Article by Lauren Rosewarne /
ABC The Drum (also published in The Conversation) /
December 08, 2011 /
Straights, gays, and those vacillating somewhere on the periphery, have equally demonstrated a penchant for the game.
Sitting back, stroking one’s chin and speculating on sexuality. Who’s gay? Who’s confused? Who’s flagrantly daring to deceive us all?
In recent days Hugh Jackman, not unlike every other man deemed too handsome or bestowed with too much rhythm or colour coordination to be straight, has again been hounded by gay rumours.
While there’s an obvious story here about gender stereotyping – not to mention one viciously ugly and sexist attack on the woman he’s married to – a more interesting tale is the preoccupation with outing.
Just what underpins this fixation with uncovering sexual truths?
Perhaps the most obvious explanation is our fervour for a good ol’ fashioned witch-hunt. Such an idea reminds us that homosexuality is still too frequently deemed an abnormality and as such, anyone daring to live such a renegade lifestyle must be exposed for the deviant that they are. Narrow-minded, God-bothering conservatism thus underpins an apparent imperative to know precisely what stimulates those who teach our children, represent our electorates or drive our taxis.
At the other end of the spectrum are those who advocate for sexual identities to be owned, to be embraced, to be championed. Such a view positions the closet as a wretched place to be; that if more people out-and-prouded themselves, homosexuality could, triumphantly, become mainstream and acceptable. Implied here is that role models aplenty would emerge if only those pesky celebrities would spring from their dark and dreary cupboards.
A more interesting explanation is a cultural obsession with labelling, categorising and rationalising. Evidently a fixation exists to quickly lock others in as either straight or gay, one or the other, and to have a sexual “truth” known and documented, so that we can all sleep better feeling we haven’t been duped.
Such behaviour, of course, is testimony to a widespread inclination to sideline all of those uncomfortable sexuality conversations. Rather than accepting sexuality as fluid, as God forbid changeable, instead, there’s an effort – be it well-intentioned or maliciously motivated – to out people; to force a sexual decision. To have something to point to that seemingly explains behaviour/career choice/dance prowess/spouse. To, in the process, pretend that we have our own sexuality all figured out.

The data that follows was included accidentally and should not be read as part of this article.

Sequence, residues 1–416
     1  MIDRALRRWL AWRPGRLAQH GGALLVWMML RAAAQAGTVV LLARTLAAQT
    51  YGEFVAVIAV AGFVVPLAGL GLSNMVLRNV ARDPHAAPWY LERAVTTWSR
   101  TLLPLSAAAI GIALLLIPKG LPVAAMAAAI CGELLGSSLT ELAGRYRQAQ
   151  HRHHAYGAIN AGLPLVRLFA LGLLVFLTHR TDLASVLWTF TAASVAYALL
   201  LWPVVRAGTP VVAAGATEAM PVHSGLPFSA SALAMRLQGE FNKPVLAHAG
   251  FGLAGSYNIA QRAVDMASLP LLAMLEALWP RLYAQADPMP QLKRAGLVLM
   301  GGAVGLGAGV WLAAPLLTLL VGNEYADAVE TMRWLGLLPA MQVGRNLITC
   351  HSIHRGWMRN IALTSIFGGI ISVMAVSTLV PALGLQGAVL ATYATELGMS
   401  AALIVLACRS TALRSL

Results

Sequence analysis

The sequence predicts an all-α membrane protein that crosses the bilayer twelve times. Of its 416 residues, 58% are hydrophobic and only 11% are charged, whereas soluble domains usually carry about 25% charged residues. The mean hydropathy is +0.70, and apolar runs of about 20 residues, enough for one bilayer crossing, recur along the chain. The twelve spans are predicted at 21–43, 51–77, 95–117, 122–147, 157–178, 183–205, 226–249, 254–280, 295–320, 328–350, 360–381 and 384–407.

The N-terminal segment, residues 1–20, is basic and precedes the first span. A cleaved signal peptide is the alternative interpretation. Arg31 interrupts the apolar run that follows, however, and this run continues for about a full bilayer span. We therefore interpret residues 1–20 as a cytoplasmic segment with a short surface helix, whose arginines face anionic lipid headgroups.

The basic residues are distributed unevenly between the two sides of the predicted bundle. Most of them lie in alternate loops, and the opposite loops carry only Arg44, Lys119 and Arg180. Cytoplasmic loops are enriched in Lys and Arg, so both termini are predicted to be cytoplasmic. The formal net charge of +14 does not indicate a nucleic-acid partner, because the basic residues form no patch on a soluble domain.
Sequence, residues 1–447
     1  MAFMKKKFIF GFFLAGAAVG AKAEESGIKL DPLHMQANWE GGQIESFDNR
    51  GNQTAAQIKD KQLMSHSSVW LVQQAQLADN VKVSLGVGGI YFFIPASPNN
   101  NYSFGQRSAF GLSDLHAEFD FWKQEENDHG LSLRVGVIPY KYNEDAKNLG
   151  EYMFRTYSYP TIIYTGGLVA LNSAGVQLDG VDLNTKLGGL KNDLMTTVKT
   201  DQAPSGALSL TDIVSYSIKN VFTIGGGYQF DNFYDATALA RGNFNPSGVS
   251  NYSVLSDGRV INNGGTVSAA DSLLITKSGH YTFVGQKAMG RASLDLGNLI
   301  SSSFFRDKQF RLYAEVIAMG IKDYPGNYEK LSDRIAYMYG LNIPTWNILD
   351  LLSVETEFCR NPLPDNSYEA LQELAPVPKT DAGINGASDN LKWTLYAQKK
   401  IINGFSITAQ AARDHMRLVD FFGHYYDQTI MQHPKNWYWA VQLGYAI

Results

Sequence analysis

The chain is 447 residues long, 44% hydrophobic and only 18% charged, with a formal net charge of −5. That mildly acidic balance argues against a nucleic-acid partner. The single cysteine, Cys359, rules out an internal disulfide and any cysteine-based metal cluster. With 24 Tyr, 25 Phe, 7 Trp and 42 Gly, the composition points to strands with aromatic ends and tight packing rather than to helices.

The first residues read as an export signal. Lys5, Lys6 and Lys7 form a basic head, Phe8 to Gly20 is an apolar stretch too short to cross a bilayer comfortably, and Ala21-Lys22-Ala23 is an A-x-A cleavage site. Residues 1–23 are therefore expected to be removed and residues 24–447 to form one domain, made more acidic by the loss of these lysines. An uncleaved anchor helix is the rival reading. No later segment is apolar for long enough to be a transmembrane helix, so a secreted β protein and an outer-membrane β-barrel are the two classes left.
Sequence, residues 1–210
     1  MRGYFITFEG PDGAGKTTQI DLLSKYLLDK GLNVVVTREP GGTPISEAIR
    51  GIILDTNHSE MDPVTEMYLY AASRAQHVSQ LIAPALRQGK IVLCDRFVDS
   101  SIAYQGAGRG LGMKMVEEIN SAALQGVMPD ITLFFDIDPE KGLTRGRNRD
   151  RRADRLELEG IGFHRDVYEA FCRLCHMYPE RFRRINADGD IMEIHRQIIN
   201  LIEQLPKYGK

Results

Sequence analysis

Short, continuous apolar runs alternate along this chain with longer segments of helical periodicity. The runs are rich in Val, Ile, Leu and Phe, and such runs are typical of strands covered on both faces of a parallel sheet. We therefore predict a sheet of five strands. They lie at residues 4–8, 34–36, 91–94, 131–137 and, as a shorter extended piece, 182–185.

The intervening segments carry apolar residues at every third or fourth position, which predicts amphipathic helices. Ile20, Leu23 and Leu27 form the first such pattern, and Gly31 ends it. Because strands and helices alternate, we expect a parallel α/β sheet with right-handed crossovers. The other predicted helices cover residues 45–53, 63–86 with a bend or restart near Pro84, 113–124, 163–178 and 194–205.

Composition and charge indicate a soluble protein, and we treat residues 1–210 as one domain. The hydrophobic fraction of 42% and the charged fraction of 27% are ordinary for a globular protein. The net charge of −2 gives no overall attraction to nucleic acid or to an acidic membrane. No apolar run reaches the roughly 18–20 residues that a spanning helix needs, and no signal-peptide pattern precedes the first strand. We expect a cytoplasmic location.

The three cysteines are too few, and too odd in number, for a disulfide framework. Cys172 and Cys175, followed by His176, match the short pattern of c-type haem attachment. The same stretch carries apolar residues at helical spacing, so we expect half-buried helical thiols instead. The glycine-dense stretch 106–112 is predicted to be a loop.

While engaging in such a pastime, jubilantly, we don’t ever have to consider that our most dearly beloved may have had the odd same-sex fantasy. That way, we don’t ever have to consider our own capacity for same-sex attraction. That way we can simply pretend that the homosexual is other, is less than, and that this fundamental difference justifies granting disparate rights and dignities.
Not only does forced outing neglect an individual’s potential disinclination to have sex put at the forefront of their identity, but more problematically, it presupposes that “coming out” is something owed to others. Most disturbingly, and as relevant to celebrities, forced outing implies that declaring a fixed sexual identity is somehow the right thing to do for fans and for a “gay community”.
Not every gay person actually wants the burden of being a role model, of championing any causes or figure-heading any movement. Similarly, not every person who is intimate with someone of the same sex actually identifies as gay and thus not every seemingly closeted person has a closet to come out of.
Far more interesting than Hugh Jackman’s sexuality is the persistent public interest in it. Fans have fallen in love with a screen version of him. Neglected, amidst all their fervent fandom, is that the person they love is an actor and is an embodiment of their projected fantasies. This is part of the Hollywood game. And in such a game, outing him – or any celebrity – is a complete waste of time; the artifice will always be more tantalising.
I wonder just what would happen if, rather than playing the sexuality speculation game, instead, we accepted sexuality as something malleable and expandable and reconstructable and not always easily classifiable. To, perchance, allow ourselves to live and let romp without needing to pathologise.
Of course, it’s just so much easier to sit around and ponder which celebrity’s pants look a little too tight or whose eyebrows are just a tad too plucked.
© Lauren Rosewarne